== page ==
Britvic moves all of its soft drink bottles to partial sleeves by CLL, reducing the volume of plastic needed; all sleeves are now made from low-density polyolefin material--CCL’s EcoFloat--which makes the plastic easier to sort and recycle

Sample article from our Consumer packaged goods (CPG)

August 4, 2022 (press release) –

Leading branded soft drinks business Britvic is continuing to increase the sustainability of its packaging thanks to bottle sleeves that are now even easier to sort and recycle.

With 37 much-loved brands sold in over 100 countries, the company has been stepping up its packaging design for many years: working towards a world where great packaging never becomes waste.

Having already redesigned its bottles to save more than 4,000 tonnes of plastic so far and introduced a minimum of 30% recycled plastic across the majority of its plastic bottle portfolio already, the next step is the sleeves. Nearly all of its bottles previously used PET sleeves – either partial sleeves which only cover half the bottle, like Lipton Ice Tea, or full-body sleeves, like Drench. Working in partnership with CCL, Britvic has now moved all bottles to a partial sleeve, reducing the volume of plastic needed. Furthermore, all sleeves will now be made from low-density polyolefin material: CCL’s EcoFloat which makes the plastic easier to sort and recycle.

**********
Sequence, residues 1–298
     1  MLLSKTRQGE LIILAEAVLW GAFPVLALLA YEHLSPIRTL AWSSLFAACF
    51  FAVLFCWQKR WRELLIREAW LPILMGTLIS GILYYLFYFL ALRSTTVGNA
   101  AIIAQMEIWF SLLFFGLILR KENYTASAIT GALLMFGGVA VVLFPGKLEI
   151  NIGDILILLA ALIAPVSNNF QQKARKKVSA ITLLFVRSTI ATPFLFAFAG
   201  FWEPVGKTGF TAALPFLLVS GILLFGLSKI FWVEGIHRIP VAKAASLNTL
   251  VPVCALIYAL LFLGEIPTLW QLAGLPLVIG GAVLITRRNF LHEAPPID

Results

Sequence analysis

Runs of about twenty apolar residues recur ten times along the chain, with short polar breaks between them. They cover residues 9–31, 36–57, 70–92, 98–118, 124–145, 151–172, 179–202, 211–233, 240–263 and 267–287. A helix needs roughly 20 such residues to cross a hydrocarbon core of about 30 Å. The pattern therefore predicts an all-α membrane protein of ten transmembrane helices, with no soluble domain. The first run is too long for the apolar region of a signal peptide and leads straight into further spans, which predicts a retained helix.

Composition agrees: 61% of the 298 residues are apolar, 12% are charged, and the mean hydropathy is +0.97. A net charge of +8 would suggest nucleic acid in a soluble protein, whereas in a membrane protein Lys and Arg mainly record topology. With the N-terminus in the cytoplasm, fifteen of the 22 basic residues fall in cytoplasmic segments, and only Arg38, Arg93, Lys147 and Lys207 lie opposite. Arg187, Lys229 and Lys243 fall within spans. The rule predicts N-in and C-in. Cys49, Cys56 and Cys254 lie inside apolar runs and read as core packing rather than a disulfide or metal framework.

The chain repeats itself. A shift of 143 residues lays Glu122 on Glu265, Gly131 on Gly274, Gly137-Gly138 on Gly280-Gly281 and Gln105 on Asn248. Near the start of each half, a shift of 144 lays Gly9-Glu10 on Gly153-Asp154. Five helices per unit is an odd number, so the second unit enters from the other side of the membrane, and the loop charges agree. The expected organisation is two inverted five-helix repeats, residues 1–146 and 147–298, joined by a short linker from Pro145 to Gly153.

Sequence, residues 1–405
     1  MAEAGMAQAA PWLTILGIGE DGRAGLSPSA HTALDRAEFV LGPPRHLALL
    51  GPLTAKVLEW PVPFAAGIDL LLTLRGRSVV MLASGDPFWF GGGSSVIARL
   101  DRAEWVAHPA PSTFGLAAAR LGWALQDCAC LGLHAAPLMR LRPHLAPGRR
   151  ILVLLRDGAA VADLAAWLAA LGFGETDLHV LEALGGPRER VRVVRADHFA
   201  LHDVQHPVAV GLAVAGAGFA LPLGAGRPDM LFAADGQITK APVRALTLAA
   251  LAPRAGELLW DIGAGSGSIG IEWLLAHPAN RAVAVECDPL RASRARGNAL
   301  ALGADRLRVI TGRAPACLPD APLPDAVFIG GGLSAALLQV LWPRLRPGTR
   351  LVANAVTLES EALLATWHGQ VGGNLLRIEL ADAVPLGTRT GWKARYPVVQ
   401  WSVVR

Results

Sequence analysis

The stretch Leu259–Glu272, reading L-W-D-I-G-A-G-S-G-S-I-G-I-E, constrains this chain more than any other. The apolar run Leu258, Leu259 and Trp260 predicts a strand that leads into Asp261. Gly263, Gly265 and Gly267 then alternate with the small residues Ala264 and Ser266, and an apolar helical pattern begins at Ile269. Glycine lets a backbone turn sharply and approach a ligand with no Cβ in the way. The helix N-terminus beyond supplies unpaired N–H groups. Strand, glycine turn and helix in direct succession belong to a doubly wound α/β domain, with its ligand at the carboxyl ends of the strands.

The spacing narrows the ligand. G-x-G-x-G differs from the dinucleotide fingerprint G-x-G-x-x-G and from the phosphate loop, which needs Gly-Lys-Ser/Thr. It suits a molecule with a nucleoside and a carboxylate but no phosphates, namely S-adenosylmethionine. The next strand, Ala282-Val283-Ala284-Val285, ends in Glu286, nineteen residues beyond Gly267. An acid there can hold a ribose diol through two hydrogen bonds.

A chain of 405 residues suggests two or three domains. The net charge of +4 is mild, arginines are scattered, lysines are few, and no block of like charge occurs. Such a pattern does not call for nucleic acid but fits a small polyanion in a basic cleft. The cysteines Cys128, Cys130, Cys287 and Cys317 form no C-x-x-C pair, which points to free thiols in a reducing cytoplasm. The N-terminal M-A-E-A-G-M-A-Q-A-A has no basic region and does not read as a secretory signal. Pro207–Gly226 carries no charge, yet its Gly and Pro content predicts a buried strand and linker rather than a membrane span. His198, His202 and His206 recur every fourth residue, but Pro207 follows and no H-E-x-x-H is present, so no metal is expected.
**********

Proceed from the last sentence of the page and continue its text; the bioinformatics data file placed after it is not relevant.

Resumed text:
The low-density polyolefin EcoFloat sleeves are fully compatible with current PET recycling technologies, mainly the sink/float process. Here the sleeve automatically detaches from the PET bottle. The heavier bottle sinks to the bottom of the basin while the lighter sleeve material and caps float to the top – ensuring an efficient separation of materials. This leads to high quality recycled PET flakes that qualify for re-use as food-grade packaging – closing the loop on PET bottles.

The low density of the polyolefin sleeve materials also comes with other benefits. These sleeves are lighter than a comparable PET sleeve material, helping to cut carbon emissions for transport and throughout the whole supply chain.

At this stage of development, EcoFloat material is less transparent than PET material due to its low-density, floatable properties. This was the main challenge for CCL when Britvic decided to switch from PET to EcoFloat material. Both sleeve designs, Lipton Ice Tea and Drench, have clear areas that are part of the packaging appearance. CCL rose to the challenge and worked on alternative lacquers to improve clarity and found a satisfactory solution for the customer, supporting Britvic on its ongoing journey to increase the sustainability and recyclability of its packaging and contribute to a circular economy.

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Chelsey Quick
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